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Protecting Pedestrians: Montgomery, Prince George's Use Several Measures to Increase Safety

Using red light and speed cameras, targeted stings and other methods, police departments and municipalities hope to prevent pedestrian-related accidents, after a number of fatalities.

Pedestrian-related accidents have seen an unfortunate increase recently, particularly in Montgomery County. There have been 14 pedestrian accidents just this year, five of which resulted in fatalities. 

There was even one incident in Bethesda where a car struck an infant in a stroller being pushed across a crosswalk.

“We, the parents of students attending Bethesda Elementary School, are horrified by the number of traffic accidents and near-accidents in and around downtown Bethesda,” said an online petition launched by Bethesda elementary school parents. “The safety of this walkable haven is at risk.”

While there haven’t been as many pedestrian-related deaths in Prince George’s County this year, College Park officials recognize that pedestrian safety still needs to be addressed. Most notably, the city plans to build additional crosswalks on busy Route 1 and Rhode Island Avenue.

In Riverdale Park, the development of a new shopping center has forced the city’s council to find ways to ensure pedestrian safety in the area, while traffic officials in Chevy Chase have also begun plans to retime pedestrian signals at intersections.

Montgomery County police have also addressed the issue, announcing that it is participating in Street Smart, a two-week step up in enforcement of pedestrian safety laws in cities like Wheaton.

The county’s police department announced last week that it would conduct a series of pedestrian enforcement “stings” throughout the month of May, where officers will issue citations to drivers who do not stop for pedestrians in crosswalks.

have already set up enforcement at dangerous intersections following the death of a 55-year-old man who was struck and killed by a school bus, giving citations and warnings to anyone breaking traffic laws. They have also tried to educate pedestrians on proper use of crosswalks to address both sides of the issues. 

Meanwhile, as a reaction to increased vehicular and pedestrian accidents, Rockville and Laurel have set up more red light cameras to promote safety at crosswalks and intersections. Rockville police report that there was a significant drop in red light violations as a result.

"It's absolutely effective,” said Rockville Police Chief T.N. Treschuk when asked about the city’s initiative. “That drop in violations shows that less people are running red lights, which makes those intersections much safer for pedestrians, bicyclists and other drivers."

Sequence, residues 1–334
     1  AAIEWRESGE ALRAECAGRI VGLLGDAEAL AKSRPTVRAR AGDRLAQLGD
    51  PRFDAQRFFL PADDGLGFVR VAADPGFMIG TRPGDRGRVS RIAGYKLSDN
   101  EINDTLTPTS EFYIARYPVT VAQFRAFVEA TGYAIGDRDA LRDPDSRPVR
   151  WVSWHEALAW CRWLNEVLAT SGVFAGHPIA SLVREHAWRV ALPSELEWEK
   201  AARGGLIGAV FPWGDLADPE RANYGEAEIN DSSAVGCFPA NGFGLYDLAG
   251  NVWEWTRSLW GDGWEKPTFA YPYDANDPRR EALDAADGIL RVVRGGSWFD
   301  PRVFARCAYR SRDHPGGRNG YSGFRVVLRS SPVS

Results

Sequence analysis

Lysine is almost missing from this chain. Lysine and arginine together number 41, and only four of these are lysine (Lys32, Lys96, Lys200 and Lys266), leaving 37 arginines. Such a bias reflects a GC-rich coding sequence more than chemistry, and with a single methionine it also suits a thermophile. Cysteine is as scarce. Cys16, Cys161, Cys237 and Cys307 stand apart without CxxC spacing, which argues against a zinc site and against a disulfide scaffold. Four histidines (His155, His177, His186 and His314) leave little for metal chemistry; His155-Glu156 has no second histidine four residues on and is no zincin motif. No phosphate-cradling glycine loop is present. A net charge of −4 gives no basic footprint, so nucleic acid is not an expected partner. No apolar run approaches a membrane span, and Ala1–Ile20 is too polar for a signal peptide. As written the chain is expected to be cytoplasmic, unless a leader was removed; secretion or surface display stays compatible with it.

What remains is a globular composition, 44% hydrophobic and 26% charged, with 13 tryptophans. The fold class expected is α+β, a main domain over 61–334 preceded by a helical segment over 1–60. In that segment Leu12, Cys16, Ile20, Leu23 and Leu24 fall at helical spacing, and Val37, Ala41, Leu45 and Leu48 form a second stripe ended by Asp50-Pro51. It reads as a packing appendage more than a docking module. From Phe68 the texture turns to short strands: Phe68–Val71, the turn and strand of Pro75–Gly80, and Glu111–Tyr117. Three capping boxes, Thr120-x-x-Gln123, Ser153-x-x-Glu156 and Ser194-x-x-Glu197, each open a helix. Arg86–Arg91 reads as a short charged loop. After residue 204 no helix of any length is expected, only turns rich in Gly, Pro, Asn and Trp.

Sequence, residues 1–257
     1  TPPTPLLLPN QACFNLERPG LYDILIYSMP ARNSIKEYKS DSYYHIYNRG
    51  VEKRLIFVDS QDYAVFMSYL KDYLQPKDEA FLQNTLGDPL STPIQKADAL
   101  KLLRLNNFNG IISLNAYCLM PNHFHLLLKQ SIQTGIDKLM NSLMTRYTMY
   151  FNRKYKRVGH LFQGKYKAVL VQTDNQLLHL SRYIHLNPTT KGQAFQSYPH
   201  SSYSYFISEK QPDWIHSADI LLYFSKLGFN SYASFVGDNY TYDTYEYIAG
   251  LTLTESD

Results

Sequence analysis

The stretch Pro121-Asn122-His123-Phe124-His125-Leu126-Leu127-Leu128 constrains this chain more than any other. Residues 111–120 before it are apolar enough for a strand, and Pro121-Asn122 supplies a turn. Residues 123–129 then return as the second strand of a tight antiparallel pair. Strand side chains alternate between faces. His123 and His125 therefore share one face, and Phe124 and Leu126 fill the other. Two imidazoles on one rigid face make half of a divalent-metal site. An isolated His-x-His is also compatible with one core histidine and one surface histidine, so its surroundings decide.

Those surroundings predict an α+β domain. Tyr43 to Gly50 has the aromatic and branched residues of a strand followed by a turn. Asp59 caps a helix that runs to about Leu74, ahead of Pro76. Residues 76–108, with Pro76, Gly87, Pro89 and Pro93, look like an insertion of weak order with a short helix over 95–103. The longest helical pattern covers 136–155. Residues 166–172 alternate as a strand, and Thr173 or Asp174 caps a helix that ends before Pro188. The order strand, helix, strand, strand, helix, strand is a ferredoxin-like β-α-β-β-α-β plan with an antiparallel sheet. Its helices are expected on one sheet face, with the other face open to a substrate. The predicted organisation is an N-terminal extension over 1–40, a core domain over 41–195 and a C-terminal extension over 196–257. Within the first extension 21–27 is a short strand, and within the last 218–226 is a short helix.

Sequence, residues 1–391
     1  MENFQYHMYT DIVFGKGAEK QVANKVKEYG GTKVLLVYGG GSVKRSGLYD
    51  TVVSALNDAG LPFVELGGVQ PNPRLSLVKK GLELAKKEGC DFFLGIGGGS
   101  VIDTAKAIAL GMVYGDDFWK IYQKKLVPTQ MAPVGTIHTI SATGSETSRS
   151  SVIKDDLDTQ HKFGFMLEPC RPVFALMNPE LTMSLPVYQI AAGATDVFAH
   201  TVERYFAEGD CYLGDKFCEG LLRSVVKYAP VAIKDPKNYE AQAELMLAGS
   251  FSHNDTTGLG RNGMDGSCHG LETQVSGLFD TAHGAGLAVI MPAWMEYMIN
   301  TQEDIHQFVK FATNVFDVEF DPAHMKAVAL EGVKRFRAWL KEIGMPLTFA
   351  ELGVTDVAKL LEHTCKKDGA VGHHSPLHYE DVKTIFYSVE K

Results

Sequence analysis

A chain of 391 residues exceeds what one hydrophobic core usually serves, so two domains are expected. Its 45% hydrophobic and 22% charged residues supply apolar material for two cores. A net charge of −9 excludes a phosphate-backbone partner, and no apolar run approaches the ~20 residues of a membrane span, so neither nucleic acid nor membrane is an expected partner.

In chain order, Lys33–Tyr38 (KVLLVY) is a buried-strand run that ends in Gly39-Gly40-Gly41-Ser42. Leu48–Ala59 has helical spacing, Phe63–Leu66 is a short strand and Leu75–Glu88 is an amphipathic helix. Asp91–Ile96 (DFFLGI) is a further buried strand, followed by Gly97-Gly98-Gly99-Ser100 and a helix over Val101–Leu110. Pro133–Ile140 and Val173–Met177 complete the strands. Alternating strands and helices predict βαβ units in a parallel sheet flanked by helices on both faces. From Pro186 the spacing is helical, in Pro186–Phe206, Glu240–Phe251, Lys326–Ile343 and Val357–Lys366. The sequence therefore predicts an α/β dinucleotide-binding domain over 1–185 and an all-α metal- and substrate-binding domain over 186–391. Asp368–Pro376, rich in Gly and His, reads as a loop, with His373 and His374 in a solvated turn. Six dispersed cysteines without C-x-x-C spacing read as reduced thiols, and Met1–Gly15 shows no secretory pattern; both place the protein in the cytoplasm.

Montgomery County and Prince George’s County have been using cameras to deter speeding near school zones and pedestrian-heavy areas.

But drivers have become more aware of where speed cameras are in Montgomery County, therefore slowing down at the fixed cameras and then speeding up afterward.

Takoma Park has gone a step further by putting semi-portable cameras on the heavily traveled New Hampshire Avenue and University Boulevard, so that drivers aren’t always aware of where the cameras are on those roads.

Other cities have implemented more unique measures to keep pedestrians safe. Hyattsville has added new bike racks throughout the city and will be getting new bike lanes on roads by the end of the month in order to promote bicyclists and pedestrian awareness.

There is still a question of exactly who is at fault in these accidents. Is it the drivers, or the pedestrians? In cities like Silver Spring, CountyStat, a component of Montgomery County’s accountability program, has looked to answer that question.

The program looked through traffic and pedestrian accident data from 2007-2011, and in 2011, the research found that 56.5 percent of accidents were the driver’s fault and 39.7 percent were caused by pedestrians.

“As Montgomery County becomes more populous and public transportation options grow,” Nancy Navarro, Montgomery Council President, said, “pedestrians and bikers are becoming more common on our streets. We must use all available tools to ensure safety for drivers, bikers, and pedestrians.”

Related Content:
Protecting Pedestrians: Fatal Accidents and Traffic Cameras

Pachacutec May 16, 2013 at 06:36 PM
Yes, I know a lot of pedestrians seem to be TRYING to get hit by cars; however, even if you cross at a light WITH the walk signal, there's always someone trying to run you down. IPedestrian deaths/injuries are not ALWAYS the fault of the pedestrians.
Pete May 28, 2013 at 06:57 PM
I notice drivers stopping when pedestrians are standing near a crosswalk but not within the crosswalk...and I've seen where other cars have almost crashed into cars who do this...I've also seen where pedestrians seem to feel they can just walk into oncoming traffic. It seems there is massive confusion regarding what people are supoosed to do...that in itself will lead to accidents. How about some education Montgomery County so drivers and pedestrians are on the same page?

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